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HM Customs and Excise: Improving VAT Assurance

Sir John Bourn, head of the National Audit Office, today reported to Parliament on HM Customs and Excise’s collection of £29.6 billion VAT from the majority of the UK’s 1.6 million registered VAT traders.

The Department’s strategy has been to shift auditing effort towards those traders presenting the highest risks to the revenue and, since 1994-95, the net additional revenue discovered by assurance staff has increased from £5.98 per £1 spent to £7.48 in 1998-99. Sir John’s report highlights the scope for further improvement.

Sir John notes that between 1992-93 and 1998-99 VAT assurance staff numbers have declined from 4548 to 4179 and the number of audits undertaken by them have fallen from 350,000 to 180,000 per annum. Nonetheless, the net additional revenue generated by these audits increased from £862 million to £992 million at constant prices.

The National Audit Office conclude that the Department should:

  • look to further increase the proportion of high and exceptional traders audited each year, so as to maximise the additional revenue assessed per audit. During the period 1994-95 to 1998-99, the proportion of audits directed at high and exceptional risk traders increased from 31 per cent to 38 per cent. This increase did not, however, reach the levels previously envisaged by the Department;
  • examine the scope to deploy a greater proportion of existing resources on direct audit work and ensure that trained assurance staff are not diverted to work not necessarily requiring their skill levels; and
  • continue to promote centralised booking of trader audits; ensure that local offices maintain adequate, accurate and up to date trader information; and investigate the scope for streamlining the trader reporting process.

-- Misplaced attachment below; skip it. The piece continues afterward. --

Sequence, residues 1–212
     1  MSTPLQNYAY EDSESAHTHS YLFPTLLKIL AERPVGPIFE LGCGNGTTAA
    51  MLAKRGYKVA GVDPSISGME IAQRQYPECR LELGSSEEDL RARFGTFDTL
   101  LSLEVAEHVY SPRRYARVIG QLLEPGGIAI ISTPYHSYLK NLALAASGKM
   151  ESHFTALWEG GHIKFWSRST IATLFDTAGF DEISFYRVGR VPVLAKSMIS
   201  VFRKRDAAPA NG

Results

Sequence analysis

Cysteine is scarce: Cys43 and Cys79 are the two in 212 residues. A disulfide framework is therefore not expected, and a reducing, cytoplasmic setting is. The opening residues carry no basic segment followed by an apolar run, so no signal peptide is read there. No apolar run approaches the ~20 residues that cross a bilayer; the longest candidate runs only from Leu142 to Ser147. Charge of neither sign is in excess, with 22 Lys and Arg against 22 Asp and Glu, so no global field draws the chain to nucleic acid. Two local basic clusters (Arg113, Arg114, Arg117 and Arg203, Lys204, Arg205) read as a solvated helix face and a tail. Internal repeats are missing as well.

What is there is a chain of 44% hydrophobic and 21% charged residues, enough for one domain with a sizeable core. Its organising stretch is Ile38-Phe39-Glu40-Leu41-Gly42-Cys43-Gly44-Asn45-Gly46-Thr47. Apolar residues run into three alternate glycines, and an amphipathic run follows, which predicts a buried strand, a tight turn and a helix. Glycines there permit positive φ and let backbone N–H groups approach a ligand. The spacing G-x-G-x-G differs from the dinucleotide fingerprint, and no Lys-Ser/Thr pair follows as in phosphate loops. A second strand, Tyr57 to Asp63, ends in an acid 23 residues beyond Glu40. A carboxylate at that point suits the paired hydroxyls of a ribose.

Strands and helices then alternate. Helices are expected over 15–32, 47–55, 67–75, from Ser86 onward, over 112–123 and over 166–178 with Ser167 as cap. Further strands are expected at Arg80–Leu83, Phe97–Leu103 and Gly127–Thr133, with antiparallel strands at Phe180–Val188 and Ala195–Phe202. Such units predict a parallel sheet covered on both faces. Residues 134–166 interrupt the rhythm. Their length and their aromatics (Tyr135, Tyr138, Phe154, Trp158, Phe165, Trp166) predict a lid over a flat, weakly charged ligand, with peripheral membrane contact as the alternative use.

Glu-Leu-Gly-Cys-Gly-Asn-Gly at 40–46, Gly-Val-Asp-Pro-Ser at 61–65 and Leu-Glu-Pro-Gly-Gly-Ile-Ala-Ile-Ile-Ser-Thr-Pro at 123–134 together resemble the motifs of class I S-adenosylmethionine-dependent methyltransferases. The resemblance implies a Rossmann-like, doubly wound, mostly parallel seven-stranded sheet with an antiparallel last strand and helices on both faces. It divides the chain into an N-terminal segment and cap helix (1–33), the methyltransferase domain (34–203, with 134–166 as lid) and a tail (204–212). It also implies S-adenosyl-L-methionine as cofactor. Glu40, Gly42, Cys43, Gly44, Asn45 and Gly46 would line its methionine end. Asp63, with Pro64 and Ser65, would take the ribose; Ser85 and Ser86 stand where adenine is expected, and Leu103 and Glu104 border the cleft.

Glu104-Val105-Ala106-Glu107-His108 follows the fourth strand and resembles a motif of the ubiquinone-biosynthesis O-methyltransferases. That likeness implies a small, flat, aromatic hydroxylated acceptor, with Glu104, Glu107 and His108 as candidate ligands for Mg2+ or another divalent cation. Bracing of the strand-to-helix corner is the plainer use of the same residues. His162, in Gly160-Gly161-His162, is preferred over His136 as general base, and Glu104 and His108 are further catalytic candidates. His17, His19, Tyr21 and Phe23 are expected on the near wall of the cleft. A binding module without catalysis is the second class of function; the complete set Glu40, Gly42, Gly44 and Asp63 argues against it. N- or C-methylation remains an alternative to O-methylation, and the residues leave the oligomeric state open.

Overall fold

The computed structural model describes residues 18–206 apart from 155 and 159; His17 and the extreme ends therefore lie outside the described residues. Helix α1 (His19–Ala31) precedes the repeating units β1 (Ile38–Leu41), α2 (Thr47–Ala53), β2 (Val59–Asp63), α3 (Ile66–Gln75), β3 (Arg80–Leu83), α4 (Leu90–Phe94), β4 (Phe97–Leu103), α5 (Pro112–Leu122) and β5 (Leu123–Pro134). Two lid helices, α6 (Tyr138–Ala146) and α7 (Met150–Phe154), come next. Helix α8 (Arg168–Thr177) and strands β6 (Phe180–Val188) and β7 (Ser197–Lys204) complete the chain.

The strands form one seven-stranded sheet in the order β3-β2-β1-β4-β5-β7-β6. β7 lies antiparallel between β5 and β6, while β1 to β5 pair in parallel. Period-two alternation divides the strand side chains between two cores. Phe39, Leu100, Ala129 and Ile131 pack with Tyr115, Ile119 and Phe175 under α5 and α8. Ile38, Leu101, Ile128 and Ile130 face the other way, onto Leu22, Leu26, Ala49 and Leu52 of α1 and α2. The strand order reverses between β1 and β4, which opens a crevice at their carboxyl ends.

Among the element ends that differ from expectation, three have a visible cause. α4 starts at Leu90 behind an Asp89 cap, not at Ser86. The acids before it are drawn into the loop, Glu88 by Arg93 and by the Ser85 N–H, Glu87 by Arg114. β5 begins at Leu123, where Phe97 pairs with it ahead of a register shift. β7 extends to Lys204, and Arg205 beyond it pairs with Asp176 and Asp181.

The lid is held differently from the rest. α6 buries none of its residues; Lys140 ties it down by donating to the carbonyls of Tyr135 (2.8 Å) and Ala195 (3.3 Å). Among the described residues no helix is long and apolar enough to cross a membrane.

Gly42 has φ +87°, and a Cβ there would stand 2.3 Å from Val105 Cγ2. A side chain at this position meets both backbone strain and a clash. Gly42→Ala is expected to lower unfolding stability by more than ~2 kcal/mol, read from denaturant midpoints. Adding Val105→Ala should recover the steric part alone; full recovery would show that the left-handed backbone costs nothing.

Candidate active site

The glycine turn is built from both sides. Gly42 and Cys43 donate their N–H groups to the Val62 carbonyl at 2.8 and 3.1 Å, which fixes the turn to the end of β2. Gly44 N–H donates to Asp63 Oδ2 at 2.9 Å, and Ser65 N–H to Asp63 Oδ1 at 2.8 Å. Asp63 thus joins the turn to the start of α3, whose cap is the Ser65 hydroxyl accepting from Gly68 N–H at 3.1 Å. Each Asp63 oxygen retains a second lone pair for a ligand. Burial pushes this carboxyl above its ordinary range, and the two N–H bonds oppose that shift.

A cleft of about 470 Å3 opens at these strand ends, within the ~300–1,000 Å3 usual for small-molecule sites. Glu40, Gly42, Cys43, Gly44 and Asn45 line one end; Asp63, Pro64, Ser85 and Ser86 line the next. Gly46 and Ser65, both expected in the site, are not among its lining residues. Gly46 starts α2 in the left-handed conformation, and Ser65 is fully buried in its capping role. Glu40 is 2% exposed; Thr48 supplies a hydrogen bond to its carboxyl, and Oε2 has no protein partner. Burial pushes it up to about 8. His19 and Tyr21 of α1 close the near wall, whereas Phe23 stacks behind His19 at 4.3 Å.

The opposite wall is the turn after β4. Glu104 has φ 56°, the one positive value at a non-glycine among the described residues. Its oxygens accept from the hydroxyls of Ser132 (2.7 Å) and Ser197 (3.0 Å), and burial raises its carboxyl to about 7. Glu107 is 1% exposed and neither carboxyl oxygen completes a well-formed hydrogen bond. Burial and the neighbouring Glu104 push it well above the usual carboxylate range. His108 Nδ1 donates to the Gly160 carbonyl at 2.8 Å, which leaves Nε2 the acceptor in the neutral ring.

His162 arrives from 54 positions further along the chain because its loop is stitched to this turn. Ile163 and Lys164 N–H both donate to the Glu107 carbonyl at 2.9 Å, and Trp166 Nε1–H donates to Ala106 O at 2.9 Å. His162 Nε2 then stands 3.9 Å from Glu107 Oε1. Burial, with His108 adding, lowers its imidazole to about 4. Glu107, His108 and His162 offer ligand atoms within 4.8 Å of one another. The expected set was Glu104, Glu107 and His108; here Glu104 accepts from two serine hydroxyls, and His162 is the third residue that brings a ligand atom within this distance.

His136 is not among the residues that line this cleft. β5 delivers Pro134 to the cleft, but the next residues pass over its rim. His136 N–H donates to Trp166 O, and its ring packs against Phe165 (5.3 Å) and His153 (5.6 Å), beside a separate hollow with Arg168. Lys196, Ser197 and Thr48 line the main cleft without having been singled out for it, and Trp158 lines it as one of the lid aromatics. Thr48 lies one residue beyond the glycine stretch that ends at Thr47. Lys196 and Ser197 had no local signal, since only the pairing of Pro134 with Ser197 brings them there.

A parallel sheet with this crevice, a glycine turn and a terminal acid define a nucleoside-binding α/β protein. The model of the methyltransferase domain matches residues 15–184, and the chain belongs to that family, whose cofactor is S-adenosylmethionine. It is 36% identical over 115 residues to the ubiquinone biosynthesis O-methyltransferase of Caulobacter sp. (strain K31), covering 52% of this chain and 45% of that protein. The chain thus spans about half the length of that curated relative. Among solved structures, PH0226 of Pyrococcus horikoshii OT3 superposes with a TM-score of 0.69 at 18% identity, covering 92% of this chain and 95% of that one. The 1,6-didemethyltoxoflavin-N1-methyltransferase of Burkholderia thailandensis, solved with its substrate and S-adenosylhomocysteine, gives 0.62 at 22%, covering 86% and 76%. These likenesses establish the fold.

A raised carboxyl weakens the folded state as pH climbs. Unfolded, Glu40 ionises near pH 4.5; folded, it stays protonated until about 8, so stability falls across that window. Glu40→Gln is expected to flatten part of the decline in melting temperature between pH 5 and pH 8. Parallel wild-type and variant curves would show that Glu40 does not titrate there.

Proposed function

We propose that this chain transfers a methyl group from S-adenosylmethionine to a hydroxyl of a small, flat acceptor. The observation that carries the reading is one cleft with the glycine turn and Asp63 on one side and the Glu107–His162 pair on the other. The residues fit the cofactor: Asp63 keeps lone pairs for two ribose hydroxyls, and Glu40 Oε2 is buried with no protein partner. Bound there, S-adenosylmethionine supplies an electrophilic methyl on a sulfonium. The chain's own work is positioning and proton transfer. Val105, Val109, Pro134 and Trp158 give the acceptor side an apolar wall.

"Customs and Excise deserve credit for deploying resources intelligently so that returns are increased. Their well-focused approach has yielded clear benefits but even more revenue could be brought in by directing greater effort at the highest risk traders".

Sir John Bourn

Notes for Editors

Value Added Tax (VAT) is a self assessed tax that is collected by 1.6 million registered traders who are required to keep adequate records to calculate their VAT liability correctly and to enable the Department to verify their VAT returns. This Report examines the Department’s changing approach to assuring VAT receipts from the vast majority of these traders. They account for 57 per cent of the VAT yield. The report does not examine arrangements for assuring receipts from around 1,800 large traders who, together, contributed £12 billion in 1998-99 and are subject to enhanced systems of control. We reported on these arrangements in our Report: "Checking Large Traders' VAT Liability" (HC368 1996-97) in March 1997.

Press notices and reports are available from the date of publication on the NAO website at Hard copies can be obtained from The Stationery Office on 0845 702 3474.

The Comptroller and Auditor General, Sir John Bourn, is the head of the National Audit Office employing some 750 staff. He and the NAO are totally independent of Government. He certifies the accounts of all Government departments and a wide range of other public sector bodies; and he has statutory authority to report to Parliament on the economy, efficiency and effectiveness with which departments and other bodies have used their resources.

PN: 67/99